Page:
Ferrari back on the grid with Testarossa trademark

Par Theo Visser,

The European Court of Justice of the EU (CJEU) has ruled that Ferrari can retain the trademark rights to the Testarossa brand, even though production of the iconic sports car was discontinued in the 1990s. The court overturned a previous cancellation ruling, finding that the continued manufacture of vehicle parts fulfils the requirements for trademark use, as Theo Visser explains.

Back in 2017, German toy manufacturer Autec, challenged the Testarossa trademark in the German courts, on the basis that Ferrari no longer fulfilled the obligation for trademark use, given that it had not manufactured the Testarossa car model for more than 20 years.

Under EU trademark law, a trademark registration is vulnerable to cancellation action if the holder of that trademark has not used it for a consecutive period of five or more years. (For more on this topic, read our article 'Trademarks and the obligation of use'.)

Ferrari held two registrations in Germany and Switzerland for the Testarossa brand name, both of which were revoked by the German court on the basis of Autec's arguments. (Germany and Switzerland established an agreement in 1892 whereby use in one country counts as use in both countries.)

Ferrari appealed against the decision to the Düsseldorf Higher Regional Court, the highest court of the Land of North Rhine-Westphalia, which referred the question of trademark use to the CJEU.

Parts, resale and the obligation of use

Ferrari sold a sports car model under the designation Testarossa between 1984 and 1991, and successive models (512 TR and F512 M) until 1996. In 2014, Ferrari produced a further copy with the Ferrari F12 TR model. In the period relevant to the assessment of trademark use, Ferrari also used the brands to designate some parts and accessories for the luxury sports cars previously retailed under those brand names.

Use does not always have to be extensive, especially when it comes to expensive sports cars that are usually only produced in small numbers. However, according to the German court, it was doubtful whether such information should be taken into account in the case of Testarossa, as the mark was not registered for luxury sports cars specifically, but for cars in general and parts thereof. The judge was of the opinion that, if it is necessary to verify whether the brands have been in genuine use on the mass market for cars and parts thereof, it must immediately be clear that this is not the case.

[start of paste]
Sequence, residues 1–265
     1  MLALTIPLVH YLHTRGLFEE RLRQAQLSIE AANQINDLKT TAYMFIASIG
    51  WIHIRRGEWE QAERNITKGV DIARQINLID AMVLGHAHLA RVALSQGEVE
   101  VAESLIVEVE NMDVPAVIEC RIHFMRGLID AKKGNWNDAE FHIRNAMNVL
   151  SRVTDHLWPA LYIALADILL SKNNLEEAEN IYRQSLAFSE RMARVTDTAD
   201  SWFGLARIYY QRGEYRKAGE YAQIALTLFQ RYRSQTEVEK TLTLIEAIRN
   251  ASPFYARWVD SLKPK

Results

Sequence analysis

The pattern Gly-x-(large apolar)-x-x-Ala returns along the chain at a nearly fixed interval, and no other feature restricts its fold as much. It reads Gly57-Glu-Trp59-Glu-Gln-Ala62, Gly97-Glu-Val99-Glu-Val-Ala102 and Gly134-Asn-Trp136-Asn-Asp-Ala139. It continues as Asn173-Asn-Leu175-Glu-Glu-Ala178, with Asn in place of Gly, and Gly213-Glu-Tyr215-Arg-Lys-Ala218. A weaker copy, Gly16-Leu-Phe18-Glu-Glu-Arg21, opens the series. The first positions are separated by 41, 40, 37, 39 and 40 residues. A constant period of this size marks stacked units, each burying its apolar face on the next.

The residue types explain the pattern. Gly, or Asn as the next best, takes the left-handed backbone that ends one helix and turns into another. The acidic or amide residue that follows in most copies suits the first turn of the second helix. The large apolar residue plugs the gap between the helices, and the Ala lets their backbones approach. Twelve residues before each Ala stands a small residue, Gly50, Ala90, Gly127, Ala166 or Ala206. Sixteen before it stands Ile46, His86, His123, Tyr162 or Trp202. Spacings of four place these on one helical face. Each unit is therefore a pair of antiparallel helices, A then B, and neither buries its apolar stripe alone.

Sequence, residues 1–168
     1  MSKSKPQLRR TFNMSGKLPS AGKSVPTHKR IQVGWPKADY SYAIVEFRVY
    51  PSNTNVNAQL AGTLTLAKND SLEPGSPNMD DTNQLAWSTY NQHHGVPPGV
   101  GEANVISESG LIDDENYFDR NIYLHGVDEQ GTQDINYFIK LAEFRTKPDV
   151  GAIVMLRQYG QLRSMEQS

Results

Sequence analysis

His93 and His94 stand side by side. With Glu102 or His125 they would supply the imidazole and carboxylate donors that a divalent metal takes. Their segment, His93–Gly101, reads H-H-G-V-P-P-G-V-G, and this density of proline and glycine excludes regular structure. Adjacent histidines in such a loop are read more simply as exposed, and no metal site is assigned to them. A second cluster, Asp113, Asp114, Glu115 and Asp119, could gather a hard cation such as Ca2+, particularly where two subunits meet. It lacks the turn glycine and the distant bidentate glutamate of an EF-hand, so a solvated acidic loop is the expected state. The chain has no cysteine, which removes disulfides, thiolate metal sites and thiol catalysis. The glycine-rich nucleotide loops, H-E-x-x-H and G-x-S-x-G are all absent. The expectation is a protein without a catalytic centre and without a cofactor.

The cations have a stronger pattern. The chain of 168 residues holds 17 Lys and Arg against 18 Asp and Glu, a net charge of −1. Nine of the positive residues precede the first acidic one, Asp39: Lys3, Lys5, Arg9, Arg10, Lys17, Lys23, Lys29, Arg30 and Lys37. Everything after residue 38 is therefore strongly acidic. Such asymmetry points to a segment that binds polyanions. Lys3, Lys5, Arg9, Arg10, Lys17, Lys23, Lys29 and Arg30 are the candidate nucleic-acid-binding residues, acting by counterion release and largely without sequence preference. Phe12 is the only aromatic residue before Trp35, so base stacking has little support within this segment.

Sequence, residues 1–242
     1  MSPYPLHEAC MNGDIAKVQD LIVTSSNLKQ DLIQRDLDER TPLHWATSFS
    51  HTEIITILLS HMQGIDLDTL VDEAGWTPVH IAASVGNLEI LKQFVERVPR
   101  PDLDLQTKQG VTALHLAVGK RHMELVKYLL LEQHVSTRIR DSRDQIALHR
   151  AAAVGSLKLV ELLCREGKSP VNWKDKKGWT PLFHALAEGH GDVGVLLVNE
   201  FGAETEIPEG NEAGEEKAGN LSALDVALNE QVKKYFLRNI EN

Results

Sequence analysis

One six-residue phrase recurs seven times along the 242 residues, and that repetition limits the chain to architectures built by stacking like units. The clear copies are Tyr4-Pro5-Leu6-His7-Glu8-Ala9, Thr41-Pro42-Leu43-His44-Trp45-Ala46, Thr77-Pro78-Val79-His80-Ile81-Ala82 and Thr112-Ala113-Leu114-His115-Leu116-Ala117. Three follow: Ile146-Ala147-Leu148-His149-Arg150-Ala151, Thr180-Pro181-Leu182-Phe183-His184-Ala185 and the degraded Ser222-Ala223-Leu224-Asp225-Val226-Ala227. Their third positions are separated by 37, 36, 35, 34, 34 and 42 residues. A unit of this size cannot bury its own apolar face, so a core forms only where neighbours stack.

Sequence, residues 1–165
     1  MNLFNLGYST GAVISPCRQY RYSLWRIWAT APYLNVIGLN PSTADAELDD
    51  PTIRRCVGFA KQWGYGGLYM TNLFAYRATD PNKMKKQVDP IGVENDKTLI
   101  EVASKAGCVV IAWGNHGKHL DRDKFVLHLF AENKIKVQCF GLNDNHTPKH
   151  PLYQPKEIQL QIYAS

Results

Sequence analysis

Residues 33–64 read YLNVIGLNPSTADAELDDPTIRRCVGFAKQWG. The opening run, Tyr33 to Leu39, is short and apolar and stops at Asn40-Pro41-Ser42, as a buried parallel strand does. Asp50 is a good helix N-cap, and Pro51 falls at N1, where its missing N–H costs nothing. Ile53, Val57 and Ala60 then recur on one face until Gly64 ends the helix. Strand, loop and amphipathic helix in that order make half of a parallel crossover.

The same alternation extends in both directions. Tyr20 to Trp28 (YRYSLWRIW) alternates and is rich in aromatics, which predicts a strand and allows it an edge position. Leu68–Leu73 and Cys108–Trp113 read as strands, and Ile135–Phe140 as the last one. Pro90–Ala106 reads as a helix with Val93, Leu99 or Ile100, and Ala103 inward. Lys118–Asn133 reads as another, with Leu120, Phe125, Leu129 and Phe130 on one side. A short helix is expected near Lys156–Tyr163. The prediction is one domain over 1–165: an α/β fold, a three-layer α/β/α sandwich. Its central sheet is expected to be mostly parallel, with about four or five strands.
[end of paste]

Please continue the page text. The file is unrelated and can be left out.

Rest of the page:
Likewise, the earlier court did not agree that the retail of second-hand vehicles bearing the brand, constituted a new use of the brands, since Ferrari's trademark rights were exhausted after the products bearing those brands were placed on the market for the first time, and Ferrari cannot prohibit the resale of those products.

The CJEU perspective

In its ruling, the CJEU found to the contrary that:

  • A trademark registered in respect of a category of goods and replacement parts thereof must be regarded as having been put to ‘genuine use’, in connection with all the goods in that category and the replacement parts thereof, even if it has been so used only in respect of some of those goods; for example, such as high-priced luxury sports cars, or only in respect of replacement parts or accessories of some of those goods. This applies, unless it is apparent from the relevant facts and evidence that consumers wishing to purchase those goods will perceive them as an independent subcategory of the category of goods for which the mark concerned was registered
  • A trademark is capable of being put to genuine use for the resale of second hand goods, so long as its owner “actually uses that mark, in accordance with its essential function which is to guarantee the identity of the origin of the goods for which it was registered, when reselling second-hand goods”; and
  • A trademark is put to genuine use where its owner provides certain services connected with the goods previously sold under that mark, on condition that those services are provided under that mark.

The CJEU preliminary ruling thereby overturned the 2017 ruling by the German court, and Ferrari is back in the battle to retain ownership of the Testarossa brand name.

For additional guidance on trademark use requirements, please speak to your Novagraaf attorney or get in touch below.

Theo Visser is an IP Consultant at Novagraaf in the Netherlands.

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